In Absentia

Road Bend 1

My Special Places

On one level it’s easy to describe my Special Places as if I was standing there now – the shores of northern Croatia, rushing rivers of mid-Wales, lonely isles of Scotland, the fells of Northumbria, the still, dark lakes of northern Ontario or the high mountains of Central Otago. But the important thing is that in all these cases the sense of place for me is always strongest when I haven’t yet arrived – there are gateways, anticipatory stages on the way, drawing me onward, causing me to catch my breath. Two miles – or even hundreds – might separate my Places and the spot where I can first sense that magic foretaste of destination.

Amongst the many such occasions when this feeling comes upon me, the one that touches me repeatedly and most deeply has its roots in childhood. Driving over a brae some miles westwards from Tighnabruaich in southern Argyll, the hamlet of Millhouse nestles below. Beyond the shallow valley a hill rises directly up out of the huddle of trees and dwellings and away from one’s view carrying with it a narrow single-track road. The important thing is that the road disappears over the hill-top . It’s left to your imagination – or in my case the memory – to conjure up the remainder of that road’s journey. This track happens to lead to Camp, the most precious place of my life since the age of five, where adventures started at the loch edge and tents clustered around the ancient gypsy caravan that my grandmother had sited by the high tide bracken. The spine-tingle is repeated every time I go; to catch a glimpse of that distant track gives me the feeling of being on the threshold of ‘another country’ and – even two-thirds of a life-time on – my hair still stands on end.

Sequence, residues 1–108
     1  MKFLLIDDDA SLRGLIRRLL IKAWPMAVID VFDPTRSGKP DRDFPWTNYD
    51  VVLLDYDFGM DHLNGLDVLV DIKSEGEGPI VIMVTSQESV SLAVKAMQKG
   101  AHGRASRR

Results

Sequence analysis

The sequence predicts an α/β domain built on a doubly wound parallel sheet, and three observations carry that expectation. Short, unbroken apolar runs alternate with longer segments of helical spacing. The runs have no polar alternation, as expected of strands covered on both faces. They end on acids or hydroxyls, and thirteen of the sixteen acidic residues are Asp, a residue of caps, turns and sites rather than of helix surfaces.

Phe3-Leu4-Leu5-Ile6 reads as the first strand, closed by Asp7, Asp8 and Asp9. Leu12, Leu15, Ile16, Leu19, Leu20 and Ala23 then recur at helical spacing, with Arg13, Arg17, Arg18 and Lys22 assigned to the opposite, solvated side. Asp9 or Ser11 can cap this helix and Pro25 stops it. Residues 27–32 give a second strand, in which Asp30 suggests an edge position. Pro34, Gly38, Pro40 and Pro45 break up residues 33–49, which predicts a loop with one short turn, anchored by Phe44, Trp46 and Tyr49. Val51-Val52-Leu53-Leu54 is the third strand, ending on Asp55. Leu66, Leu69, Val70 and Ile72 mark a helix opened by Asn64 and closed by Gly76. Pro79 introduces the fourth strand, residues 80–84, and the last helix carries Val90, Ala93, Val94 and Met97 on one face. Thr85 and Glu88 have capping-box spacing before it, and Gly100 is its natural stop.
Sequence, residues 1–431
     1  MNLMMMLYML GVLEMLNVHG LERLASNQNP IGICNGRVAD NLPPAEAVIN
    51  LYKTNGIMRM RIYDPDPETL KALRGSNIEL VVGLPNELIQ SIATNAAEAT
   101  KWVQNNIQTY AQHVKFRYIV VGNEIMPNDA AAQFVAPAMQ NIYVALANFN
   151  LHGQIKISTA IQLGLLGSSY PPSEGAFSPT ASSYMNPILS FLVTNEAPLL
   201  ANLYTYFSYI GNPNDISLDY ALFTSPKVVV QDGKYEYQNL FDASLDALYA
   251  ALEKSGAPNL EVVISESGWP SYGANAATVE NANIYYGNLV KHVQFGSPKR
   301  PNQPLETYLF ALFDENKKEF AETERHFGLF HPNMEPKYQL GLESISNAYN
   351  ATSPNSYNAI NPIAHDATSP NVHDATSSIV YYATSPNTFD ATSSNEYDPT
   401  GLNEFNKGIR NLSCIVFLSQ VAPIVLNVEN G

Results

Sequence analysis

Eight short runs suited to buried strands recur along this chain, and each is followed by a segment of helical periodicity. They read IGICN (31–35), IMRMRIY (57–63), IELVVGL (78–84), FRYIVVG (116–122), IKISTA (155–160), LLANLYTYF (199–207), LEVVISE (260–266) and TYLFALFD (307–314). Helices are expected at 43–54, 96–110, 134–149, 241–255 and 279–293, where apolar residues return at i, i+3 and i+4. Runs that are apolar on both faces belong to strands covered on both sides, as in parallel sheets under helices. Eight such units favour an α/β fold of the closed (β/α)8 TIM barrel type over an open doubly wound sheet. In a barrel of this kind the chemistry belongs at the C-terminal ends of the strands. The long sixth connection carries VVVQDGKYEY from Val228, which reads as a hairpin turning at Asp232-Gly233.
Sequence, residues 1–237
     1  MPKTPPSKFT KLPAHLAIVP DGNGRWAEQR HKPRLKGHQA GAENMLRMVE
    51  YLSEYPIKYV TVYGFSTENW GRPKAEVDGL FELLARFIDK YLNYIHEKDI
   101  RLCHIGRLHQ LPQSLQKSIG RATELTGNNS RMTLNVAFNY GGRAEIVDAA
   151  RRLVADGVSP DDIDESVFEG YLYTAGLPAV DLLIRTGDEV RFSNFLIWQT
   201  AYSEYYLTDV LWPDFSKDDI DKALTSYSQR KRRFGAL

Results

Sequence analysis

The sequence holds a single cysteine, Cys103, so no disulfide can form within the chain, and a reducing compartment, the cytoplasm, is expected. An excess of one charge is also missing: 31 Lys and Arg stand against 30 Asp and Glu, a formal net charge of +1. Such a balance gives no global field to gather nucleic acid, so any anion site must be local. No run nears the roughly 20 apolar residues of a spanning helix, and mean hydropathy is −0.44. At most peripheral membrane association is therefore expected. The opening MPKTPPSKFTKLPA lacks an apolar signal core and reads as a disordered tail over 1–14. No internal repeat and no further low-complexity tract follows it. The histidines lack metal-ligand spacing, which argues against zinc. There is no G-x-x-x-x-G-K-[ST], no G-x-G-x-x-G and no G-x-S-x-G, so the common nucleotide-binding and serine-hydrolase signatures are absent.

It’s real significance is that it touches my heart through my senses – and that is so very encouraging, for when in later years I cannot travel much I’ll even be able to catch that Sense of Place from my fireside chair or sick-bed. God gently gifts us memory and senses and heart and brings them all together to give a healing deeper than one can possibly imagine.

Paul Heppleston